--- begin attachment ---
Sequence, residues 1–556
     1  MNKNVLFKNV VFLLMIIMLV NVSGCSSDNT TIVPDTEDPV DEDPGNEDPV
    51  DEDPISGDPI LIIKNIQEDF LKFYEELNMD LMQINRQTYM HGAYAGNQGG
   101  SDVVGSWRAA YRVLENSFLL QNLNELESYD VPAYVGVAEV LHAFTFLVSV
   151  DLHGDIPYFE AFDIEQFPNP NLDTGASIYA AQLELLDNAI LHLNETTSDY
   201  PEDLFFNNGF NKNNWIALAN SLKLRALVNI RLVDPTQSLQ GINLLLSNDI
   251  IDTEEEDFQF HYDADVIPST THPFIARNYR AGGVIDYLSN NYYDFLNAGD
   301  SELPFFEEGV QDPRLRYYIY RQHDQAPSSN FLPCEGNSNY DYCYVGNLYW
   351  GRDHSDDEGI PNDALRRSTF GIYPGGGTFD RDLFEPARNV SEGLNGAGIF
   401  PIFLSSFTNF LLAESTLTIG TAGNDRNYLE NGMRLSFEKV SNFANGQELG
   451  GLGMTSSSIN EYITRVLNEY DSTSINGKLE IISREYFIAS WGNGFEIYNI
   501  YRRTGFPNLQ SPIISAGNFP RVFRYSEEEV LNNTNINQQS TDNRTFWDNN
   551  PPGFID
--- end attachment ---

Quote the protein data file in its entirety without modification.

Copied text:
Sequence, residues 1–556
     1  MNKNVLFKNV VFLLMIIMLV NVSGCSSDNT TIVPDTEDPV DEDPGNEDPV
    51  DEDPISGDPI LIIKNIQEDF LKFYEELNMD LMQINRQTYM HGAYAGNQGG
   101  SDVVGSWRAA YRVLENSFLL QNLNELESYD VPAYVGVAEV LHAFTFLVSV
   151  DLHGDIPYFE AFDIEQFPNP NLDTGASIYA AQLELLDNAI LHLNETTSDY
   201  PEDLFFNNGF NKNNWIALAN SLKLRALVNI RLVDPTQSLQ GINLLLSNDI
   251  IDTEEEDFQF HYDADVIPST THPFIARNYR AGGVIDYLSN NYYDFLNAGD
   301  SELPFFEEGV QDPRLRYYIY RQHDQAPSSN FLPCEGNSNY DYCYVGNLYW
   351  GRDHSDDEGI PNDALRRSTF GIYPGGGTFD RDLFEPARNV SEGLNGAGIF
   401  PIFLSSFTNF LLAESTLTIG TAGNDRNYLE NGMRLSFEKV SNFANGQELG
   451  GLGMTSSSIN EYITRVLNEY DSTSINGKLE IISREYFIAS WGNGFEIYNI
   501  YRRTGFPNLQ SPIISAGNFP RVFRYSEEEV LNNTNINQQS TDNRTFWDNN
   551  PPGFID